This is actually a problem, because all those things you mentioned, from SCP, Xerox, NCSA and Winternals/Sysinternals are cases where MS took a risk on producing and marketing someone else's innovation. With stuff coming out of their own labs, that rarely happens (the MS optical mouse being one of the few exceptions) because there's no push (someone can say "see that great product X over there? We could buy that and make money off of it!" but the MS culture wouldn't get people behind "Lab Y has come up with this really neat tech -- if we give it to this design team, they might be able to produce a wonderful product we can make money off of!").

  • by Mabhatter ( 126906 ) on Tuesday July 10, 2012 @05:39PM (#40607727)

    But there are only so many customers of that stuff. Microsoft has failed to build any of that into CONSUMER devices. Microsoft wants $100+ checks per user for each of those...

    If no CONSUMERS have the tools, there are no kids out there doing great stuff... That aren't tied to some company payroll. Even if kids were out there, consumer devices would compete with the enterprise devices where the big checks get written.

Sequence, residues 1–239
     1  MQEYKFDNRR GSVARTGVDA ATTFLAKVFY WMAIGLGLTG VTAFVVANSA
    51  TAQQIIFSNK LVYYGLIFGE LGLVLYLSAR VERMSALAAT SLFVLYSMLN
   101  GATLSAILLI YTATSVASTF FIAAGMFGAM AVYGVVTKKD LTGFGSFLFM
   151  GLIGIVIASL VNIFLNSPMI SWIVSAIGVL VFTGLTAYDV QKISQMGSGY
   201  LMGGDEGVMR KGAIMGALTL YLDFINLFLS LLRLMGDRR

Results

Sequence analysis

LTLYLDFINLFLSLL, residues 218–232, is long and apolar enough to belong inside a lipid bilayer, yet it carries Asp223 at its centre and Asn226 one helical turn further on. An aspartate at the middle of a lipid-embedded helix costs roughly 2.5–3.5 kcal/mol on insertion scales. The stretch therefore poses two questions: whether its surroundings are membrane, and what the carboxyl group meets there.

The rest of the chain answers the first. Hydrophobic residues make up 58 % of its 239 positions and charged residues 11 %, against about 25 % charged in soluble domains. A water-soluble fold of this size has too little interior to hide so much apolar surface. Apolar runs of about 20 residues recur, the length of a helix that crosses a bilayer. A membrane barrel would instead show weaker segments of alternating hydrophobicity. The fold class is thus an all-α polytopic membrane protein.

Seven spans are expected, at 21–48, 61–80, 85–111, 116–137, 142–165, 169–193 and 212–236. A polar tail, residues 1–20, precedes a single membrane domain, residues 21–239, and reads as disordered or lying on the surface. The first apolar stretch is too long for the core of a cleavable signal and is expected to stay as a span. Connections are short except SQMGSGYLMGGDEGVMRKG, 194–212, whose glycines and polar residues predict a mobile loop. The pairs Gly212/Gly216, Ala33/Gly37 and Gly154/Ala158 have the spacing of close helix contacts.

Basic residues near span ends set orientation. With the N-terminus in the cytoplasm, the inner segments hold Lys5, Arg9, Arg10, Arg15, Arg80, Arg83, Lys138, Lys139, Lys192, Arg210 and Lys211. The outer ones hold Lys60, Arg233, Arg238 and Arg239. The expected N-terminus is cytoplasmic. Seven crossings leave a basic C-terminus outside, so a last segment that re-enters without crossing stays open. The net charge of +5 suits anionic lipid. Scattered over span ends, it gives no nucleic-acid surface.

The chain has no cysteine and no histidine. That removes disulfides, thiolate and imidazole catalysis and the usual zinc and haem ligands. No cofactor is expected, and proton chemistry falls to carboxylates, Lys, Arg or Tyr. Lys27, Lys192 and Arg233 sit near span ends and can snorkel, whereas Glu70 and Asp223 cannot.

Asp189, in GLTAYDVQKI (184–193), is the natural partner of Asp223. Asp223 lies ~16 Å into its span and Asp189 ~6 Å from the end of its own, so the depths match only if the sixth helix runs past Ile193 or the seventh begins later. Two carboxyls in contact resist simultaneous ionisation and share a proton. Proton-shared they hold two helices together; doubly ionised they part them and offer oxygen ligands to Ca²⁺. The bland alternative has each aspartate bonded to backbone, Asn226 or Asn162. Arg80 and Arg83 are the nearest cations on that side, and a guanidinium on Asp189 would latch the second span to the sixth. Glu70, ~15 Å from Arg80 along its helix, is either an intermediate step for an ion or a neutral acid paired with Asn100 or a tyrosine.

Microsoft made the CHOICE to be an INSTITUTIONAL sales organization, not a consumer one a decade ago. They wanted the fat steady checks from 1000 PCs at a time, or from selling tools to developers, websites, etc... Those tools are now SO EXPENSIVE that there is little GROWTH for $100,000 solutions.

    Apple lost the business and school market a decade ago. They had to make due selling to EACH PERSON, not just winning one boss with 1000 workers over.

  • by hairyfeet ( 841228 ) <bassbeast1968 AT gmail DOT com> on Tuesday July 10, 2012 @09:32PM (#40609797) Journal

    Hmmm...personally I'd put Steve-O at a solid 3 myself, just look at all the companies he has thrown money at either buying outright or trying to use to buy his way into a market that doesn't want them. See Zune, Kin, Nokia, for examples.

    The sad part is they are going classic cargo cult usability, where they think they can ape something and then recreate its success without asking WHY, why is it like this? The answer is simple: NOBODY and I mean NOBODY buys Windows because they like MSFT, they buy it because they have a bazillion third party X86 programs they want/need to run. this is completely the opposite of Apple, where big products like iTunes are owned by Apple. Also Apple has for the most part kept iOS and OSX separate entities, you don't see them throwing teeny tiny desktops onto iPhones like MSFT did for years, nor do you see them making OSX a single tasking phone OS which is the current meme at MSFT.